“Other people’s homes are their workplaces and we need to lay out what the responsibilities are of the workers and of the employers so that work can be respected.”
A new bill approved unanimously by the Philadelphia City Council last week ensures some of its most vulnerable workers will now have rights other employees have come to expect.
Introduced by Democratic Councilwoman Maria Quinones-Sanchez in June, the Philadelphia Domestic Workers Bill of Rights provides the city’s 16,000 domestic workers, including caregivers and housekeepers, with paid time off, written contracts outlining duties and pay, meal and rest breaks, and more.
As one nanny who testified on Oct. 31 before City Council noted: “This Bill will allow some of our most vulnerable members to be treated like the decent human beings we have proven ourselves to be.”
Advocates have called Philadelphia’s legislation “the most innovative” bill passed in the country thus far. That’s because the bill creates a “portable benefits system” that allows workers to accrue paid time off regardless of how many employers they work for.
The bill also stipulates, among other things, that:
- live-in workers may not be required to work more than six days in a row
- employers cannot terminate a worker without giving them a minimum of two weeks’ notice (unless the worker “has engaged in significant misconduct”)
- workers are entitled to privacy protections
- employers cannot “take or threaten retaliatory action” if a worker alleges their rights have been violated
- an “enforcement agency” be created to monitor the standards and report back to the Mayor’s Office of Labor
The bill now heads to Mayor Jim Kenney’s office, who is expected to sign it.
Nicole Kligerman is the director of Pennsylvania Domestic Workers Alliance, a joint project of the National Domestic Workers Alliance and Philadelphia Jobs with Justice. In an interview with COURIER, Kligerman said that aside from offering domestic workers some much needed protections, the newly passed bill also “demonstrates that domestic work is real work.”
“Every provision in the bill really serves to say … domestic workers are real workers,” the longtime community organizer said. “Other people’s homes are their workplaces and we need to lay out what the responsibilities are of the workers and of the employers so that work can be respected.”
Since labor regulations associated with the New Deal were passed in the 1930s, domestic workers, who are largely marginalized women of color, have been excluded from all local, state, and federal labor protections, Kligerman explained. In other words, domestic workers have historically not qualified for things like minimum wage and overtime pay, civil rights protections, discrimination protections, meal and rest breaks, and access to any benefits.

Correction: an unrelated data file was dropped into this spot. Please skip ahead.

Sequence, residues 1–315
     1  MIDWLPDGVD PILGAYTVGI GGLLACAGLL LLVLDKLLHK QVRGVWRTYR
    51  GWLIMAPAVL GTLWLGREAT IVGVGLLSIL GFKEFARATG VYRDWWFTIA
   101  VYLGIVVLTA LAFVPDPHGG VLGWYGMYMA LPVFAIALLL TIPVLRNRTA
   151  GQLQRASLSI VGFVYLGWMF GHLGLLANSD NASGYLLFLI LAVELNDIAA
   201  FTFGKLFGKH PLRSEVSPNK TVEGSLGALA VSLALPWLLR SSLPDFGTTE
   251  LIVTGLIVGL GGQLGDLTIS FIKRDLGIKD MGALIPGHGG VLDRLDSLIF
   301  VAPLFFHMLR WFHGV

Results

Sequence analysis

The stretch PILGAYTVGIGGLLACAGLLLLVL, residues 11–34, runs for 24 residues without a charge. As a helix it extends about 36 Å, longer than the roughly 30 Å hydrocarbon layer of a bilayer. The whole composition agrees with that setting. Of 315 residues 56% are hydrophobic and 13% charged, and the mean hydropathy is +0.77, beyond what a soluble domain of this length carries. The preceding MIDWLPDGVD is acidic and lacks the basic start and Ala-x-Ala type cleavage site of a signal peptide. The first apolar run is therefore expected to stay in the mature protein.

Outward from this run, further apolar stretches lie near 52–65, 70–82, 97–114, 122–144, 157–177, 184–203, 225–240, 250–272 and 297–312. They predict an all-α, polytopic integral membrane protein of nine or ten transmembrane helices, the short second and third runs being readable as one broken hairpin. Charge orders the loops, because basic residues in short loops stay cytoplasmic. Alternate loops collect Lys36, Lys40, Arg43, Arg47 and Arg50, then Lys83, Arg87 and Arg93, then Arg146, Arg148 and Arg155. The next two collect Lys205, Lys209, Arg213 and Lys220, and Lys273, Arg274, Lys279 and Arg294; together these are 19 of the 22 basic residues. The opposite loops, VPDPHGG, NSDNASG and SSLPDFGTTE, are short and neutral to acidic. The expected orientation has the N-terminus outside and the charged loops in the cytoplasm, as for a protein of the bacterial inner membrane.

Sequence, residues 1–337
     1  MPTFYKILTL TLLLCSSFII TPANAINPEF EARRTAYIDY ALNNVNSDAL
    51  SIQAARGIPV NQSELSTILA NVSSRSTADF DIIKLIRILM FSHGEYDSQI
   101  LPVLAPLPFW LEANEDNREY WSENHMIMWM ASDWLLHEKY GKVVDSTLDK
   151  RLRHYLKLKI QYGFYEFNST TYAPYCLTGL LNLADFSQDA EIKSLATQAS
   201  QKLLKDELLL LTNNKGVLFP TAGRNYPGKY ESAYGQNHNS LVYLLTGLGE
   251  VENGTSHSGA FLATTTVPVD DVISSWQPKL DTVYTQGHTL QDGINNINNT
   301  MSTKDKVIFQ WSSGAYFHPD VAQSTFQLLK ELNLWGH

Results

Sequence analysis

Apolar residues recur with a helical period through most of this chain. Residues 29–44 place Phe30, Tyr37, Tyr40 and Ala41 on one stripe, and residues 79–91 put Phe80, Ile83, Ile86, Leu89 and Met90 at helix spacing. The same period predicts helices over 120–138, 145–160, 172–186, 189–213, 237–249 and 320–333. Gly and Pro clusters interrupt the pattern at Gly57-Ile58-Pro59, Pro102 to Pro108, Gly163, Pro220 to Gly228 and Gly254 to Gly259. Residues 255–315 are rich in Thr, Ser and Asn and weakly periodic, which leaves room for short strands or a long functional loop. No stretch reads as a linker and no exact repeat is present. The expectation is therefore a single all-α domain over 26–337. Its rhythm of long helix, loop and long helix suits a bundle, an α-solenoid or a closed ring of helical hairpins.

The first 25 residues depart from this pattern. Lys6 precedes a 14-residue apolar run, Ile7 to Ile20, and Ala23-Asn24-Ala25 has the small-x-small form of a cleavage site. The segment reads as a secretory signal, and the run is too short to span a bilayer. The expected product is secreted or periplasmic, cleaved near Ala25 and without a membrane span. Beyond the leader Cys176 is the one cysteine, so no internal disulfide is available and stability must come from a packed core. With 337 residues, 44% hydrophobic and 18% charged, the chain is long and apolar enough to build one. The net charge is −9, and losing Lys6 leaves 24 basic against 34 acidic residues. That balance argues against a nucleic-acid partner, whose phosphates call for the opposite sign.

“That’s because domestic workers and agricultural workers, as the descendants of enslaved people, were very systematically and explicitly left out of those laws,” Kligerman said. “We’re talking about centuries of extreme, racialized, gendered worker abuse. Our fight is really about upending the very violent, racist building blocks of this country.”
One of the workers who’s spent the last few months advocating for the passage of the Domestic Workers Bills of Rights is Mercedes Reyes. Reyes, a US citizen who was born in El Salvador, spent more than 13 years working as a live-in domestic worker where she handled childcare and housework. Her day began every day at 6 a.m. and didn’t end until 7 or 8 p.m..
“I felt very frustrated and depressed at that job,” Reyes told COURIER. (She spoke in Spanish, translated by Kligerman.) “I had to work way too much for very low pay.”
Reyes said she joined the fight for workers’ rights so “the next generation doesn’t experience what I went through. We don’t get paid vacation. If we take time off, we’re retaliated against. There is so much mistreatment and discrimination that workers face in ways that our experiences are not given value.”
According to the National Domestic Workers Alliance, nine states—New Mexico, New York, Hawaii, Connecticut, California, Illinois, Nevada, Massachusetts, and Oregon—and the city of Seattle have passed similar legislation as Philadelphia’s to protect domestic workers.
“We’re in a moment where the [national] political climate is really cleaving,” Kligerman said. “It’s very clear that you’re either on the side of poor and working-class Black and immigrant women, or you’re against these folks.”